Enabling freight operators to unlock the potential of electric vehicles (EVs) in their fleets was the focus of a recent LoCity roadshow held in East London.
The event was the first in a series of four alternative-fuel workshops provided by TfL to support its industry-led LoCity programme.
Delegates at the roadshow heard from London-based operators at Hackney Council, Clear Channel and Heathrow Airport about their real-life experiences and learning curves in running EVs.
Useful tips shared included:
■ Range – it is essential to make sure you pick the right routes for the vehicles: relatively predictable, low average speed and returning to base at night. Also take into account weather conditions.
■ Maintenance – savvy operators can drive down third-party maintenance costs, because much less routine servicing is needed compared with ICE counterparts.
■ Silent technology – drivers love the quiet running of the vehicles and experience less fatigue. However, it is important to factor in additional safety measures for pedestrians who might not hear them approaching.
Understanding the charging and power requirements was also a key focus of the day, as this is often cited as one of the main challenges facing operators considering switching to EVs.
UK Power Networks helped operators understand the steps they might need to take if looking to install recharging points at their sites and used the event to launch a guide about the options available when connecting to the electricity network.
They explained that requirements would vary depending on factors such as whether an operator is thinking about charging a single vehicle overnight, multiple vehicles, or requires rapid charging facilities on site.
TfL principal strategy planner Judith Hayton, meanwhile, explained the work taking place in London to significantly increase the capital’s public charging network, with at least 300 rapid charging points in place by 2020.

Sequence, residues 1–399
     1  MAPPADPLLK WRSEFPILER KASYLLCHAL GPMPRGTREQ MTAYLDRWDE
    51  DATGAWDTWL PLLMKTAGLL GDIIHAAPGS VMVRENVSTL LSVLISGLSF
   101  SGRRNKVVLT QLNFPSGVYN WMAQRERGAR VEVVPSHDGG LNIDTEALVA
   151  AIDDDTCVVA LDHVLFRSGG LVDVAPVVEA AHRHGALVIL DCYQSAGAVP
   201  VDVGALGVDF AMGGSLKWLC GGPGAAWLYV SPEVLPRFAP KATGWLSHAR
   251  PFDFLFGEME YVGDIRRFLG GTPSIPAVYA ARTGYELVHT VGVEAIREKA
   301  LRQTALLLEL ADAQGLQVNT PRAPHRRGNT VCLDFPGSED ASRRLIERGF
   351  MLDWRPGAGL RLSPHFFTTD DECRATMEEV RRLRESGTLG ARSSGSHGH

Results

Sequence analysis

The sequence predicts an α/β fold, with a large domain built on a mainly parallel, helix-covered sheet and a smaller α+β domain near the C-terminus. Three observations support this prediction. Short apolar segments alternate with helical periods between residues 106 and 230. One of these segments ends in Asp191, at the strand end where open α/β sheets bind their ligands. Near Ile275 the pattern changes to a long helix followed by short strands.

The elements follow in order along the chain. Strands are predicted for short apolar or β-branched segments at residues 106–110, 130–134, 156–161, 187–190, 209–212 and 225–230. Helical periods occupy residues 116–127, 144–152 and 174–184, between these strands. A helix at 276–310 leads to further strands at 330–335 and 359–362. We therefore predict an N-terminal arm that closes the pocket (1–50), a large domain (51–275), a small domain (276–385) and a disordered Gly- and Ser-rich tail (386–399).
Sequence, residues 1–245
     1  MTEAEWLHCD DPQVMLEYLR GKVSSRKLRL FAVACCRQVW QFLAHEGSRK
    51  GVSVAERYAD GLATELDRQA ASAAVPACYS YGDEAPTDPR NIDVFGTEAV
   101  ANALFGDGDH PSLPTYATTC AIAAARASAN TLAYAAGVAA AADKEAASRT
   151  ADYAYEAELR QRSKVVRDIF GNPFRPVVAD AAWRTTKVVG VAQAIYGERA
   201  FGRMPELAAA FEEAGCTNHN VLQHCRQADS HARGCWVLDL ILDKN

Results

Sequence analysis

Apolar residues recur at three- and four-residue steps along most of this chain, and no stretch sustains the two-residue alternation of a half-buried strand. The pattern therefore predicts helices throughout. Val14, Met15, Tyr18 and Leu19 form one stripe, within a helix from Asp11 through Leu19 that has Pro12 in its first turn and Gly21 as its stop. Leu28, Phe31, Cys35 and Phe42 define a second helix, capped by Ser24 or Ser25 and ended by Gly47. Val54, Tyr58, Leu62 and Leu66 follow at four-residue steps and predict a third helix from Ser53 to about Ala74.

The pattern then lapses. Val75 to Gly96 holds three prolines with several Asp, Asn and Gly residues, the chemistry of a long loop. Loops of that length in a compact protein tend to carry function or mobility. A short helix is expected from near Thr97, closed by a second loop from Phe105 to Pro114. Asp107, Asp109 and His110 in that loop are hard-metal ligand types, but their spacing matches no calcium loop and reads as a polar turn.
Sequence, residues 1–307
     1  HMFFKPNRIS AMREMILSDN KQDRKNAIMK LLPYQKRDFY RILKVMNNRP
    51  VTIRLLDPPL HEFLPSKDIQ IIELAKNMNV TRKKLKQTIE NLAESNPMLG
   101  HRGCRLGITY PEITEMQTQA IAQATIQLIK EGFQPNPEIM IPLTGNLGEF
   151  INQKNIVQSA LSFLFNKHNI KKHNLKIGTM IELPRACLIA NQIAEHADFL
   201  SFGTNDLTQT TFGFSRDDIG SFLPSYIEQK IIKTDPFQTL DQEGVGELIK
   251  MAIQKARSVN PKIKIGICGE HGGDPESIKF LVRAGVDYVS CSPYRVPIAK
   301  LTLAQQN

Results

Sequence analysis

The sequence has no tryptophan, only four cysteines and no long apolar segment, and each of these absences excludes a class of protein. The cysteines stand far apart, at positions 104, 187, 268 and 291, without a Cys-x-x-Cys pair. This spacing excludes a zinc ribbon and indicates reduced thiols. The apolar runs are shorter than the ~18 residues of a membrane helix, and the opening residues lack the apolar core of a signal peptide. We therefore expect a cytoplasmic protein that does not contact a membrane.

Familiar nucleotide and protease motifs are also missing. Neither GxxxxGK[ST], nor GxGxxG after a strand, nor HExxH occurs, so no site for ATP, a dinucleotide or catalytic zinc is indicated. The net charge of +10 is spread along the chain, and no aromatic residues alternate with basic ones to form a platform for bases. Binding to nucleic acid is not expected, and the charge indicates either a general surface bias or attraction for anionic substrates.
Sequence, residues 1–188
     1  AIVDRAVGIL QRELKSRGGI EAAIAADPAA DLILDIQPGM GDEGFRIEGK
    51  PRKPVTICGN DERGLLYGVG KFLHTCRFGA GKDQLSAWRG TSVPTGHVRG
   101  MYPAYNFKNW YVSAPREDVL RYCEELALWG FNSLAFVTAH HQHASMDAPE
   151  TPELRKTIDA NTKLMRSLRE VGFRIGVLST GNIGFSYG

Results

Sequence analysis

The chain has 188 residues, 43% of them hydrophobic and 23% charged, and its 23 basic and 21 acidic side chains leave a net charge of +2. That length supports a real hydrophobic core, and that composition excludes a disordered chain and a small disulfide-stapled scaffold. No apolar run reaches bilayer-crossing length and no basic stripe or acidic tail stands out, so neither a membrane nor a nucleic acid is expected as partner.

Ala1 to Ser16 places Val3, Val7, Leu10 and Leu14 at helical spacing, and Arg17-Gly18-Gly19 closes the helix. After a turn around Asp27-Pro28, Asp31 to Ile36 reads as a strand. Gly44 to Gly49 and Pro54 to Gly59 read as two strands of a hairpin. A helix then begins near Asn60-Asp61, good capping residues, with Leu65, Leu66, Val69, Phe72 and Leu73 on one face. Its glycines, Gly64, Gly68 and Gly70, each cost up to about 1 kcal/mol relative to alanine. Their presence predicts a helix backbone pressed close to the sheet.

A range of 10 electric freight vehicles were exhibited on the day – from small utility trucks supplied by Bradshaw Electric Vehicles through to a converted tractor unit with an Emoss all-electric driveline and 2.5-litre LPG gas range extender – and everything in between.
Operators were encouraged to talk to all the manufacturers and suppliers about the best electric models for their own fleet requirements and learn all they could about range, maintenance and running costs.
Headline sponsor Mercedes-Benz Trucks shared its commitment to electrification across all vehicle ranges and confirmed that by 2025, a quarter of all vehicles in the Daimler group would be electric.
Its 7.5-tonne all-electric eCanter will be operating with customers in London from September, with series production to start in 2019. “We see this being one of the mainstays of our business going forward”, said national key account manager Paul Robertson.
Fergus Worthy (pictured), freight and fleet programme project manager at TfL, said: “The first LoCity Roadshow was a great success, bringing together fleets, electric vehicle manufacturers and suppliers, and infrastructure providers.
“The London mayor wants to work towards a zero-carbon city, so transport managers should start thinking about the implications of operating EVs.”
He added that through the series of roadshows, as well as training, online tools and case studies, “LoCity is helping fleets make informed decisions about their vehicle choice”.
If you are interested in finding out more about the use of EVs in you fleet, why not get in touch with LoCity to find out about any trials, cost analysis and technical guidance you might require: locity.org.uk
The next LoCity roadshow taking place will focus on gas-powered CVs and will be held on 21 September at the Twickenham Stoop Stadium. To register your interest to attend, please email: locityroadshows.co.uk
- Frevue – a four-and-a-half year EU project into the viability of electric freight vehicles in cities – last month revealed significant health and cost benefits from making the move to EVs.